Scottsdale said it had no legal obligation to continue the arrangement, underscoring how vulnerable communities like Rio Verde Foothills without reliable water service could become amid drought threatening the southwestern US. 

Arizona is among the states hardest hit by a long-term drought that has drastically lowered water levels in Lake Powell and Lake Mead.


As a historic drought continues to wreak havoc across the West, an Arizona community has had its water supply cut off by the neighboring city of Scottsdale. Dozens of residents have filed a lawsuit against the city, saying the move would cause “immediate and irreparable harm.” #news #scottsdale #arizona #water #waterpolicy #drought #climatechange

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Residents now expect to pay much higher prices for water haulers to fetch their water from faraway jurisdictions.

The lawsuit and legislation come on the heels of a report by the Arizona Department of Water Resources that was released in recent days by new Gov. Katie Hobbs, which shows there are inadequate groundwater supplies for hundreds of thousands of homes that developers have envisioned in far west Phoenix.

RELATED: Arizona to Endure Another Hot, Dry Spring as Droughts Persist

Scottsdale warned of a possible cutoff for several years and said it gave Rio Verde Foothills residents and Maricopa County plenty of warning that it wouldn’t provide water forever. Because the community needs a reservoir or community well, the haulers would buy water from Scottsdale fill stations and then deliver it for a fee to Rio Verde Foothills residents.

Scottsdale officials told Rio Valley Foothills residents in 2016 that they could not “guarantee service in the future and has advised the area residents to obtain a separate water source.” Since that warning had been given, Scottsdale had enacted several measures to preserve water as part of it’s 2003 Drought Management Plan, including the removal of fire hydrants and ending the use of short-term, unsustainable water hauling locations.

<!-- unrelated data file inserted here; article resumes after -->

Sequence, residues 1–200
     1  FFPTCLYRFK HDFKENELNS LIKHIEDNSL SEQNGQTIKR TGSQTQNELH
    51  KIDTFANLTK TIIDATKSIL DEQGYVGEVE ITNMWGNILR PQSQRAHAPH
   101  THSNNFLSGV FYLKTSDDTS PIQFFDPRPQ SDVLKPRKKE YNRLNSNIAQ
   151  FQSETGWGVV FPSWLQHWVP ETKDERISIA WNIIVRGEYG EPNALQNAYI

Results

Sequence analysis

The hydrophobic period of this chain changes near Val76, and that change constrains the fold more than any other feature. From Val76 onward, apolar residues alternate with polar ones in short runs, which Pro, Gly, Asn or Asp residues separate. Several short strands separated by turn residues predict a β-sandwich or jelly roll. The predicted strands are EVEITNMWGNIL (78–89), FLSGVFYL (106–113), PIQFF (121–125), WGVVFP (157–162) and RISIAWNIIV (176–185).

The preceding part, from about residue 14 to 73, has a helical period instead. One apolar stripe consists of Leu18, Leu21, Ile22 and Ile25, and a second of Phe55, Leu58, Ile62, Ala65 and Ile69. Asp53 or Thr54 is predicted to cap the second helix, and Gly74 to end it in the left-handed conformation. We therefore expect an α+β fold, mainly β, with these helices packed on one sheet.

“Rio Verde is a separate community governed by Maricopa County, not the City of Scottsdale,” the city said in a statement posted on its website Monday. “Scottsdale has warned and advised that it is not responsible for Rio Verde for many years, especially given the requirements of the City’s mandated drought plan. The city remains firm in that position and confident it is on the right side of the law.

“Nothing in the city’s action precludes residents in Rio Verde Foothills from purchasing water from other sources. The water haulers who have previously hauled water from Scottsdale have access to water from other jurisdictions and are still offering to haul water to serve the homes in Rio Verde,” the statement added.

The Associate Press contributed to this article.

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  • Araceli Cruz

    Araceli is Copper Courier's social media manager. Her past work has been published in The Guardian, Teen Vogue, Refinery29, Mic, The Cut, Zora, The Village Voice, Rolling Stone, and others.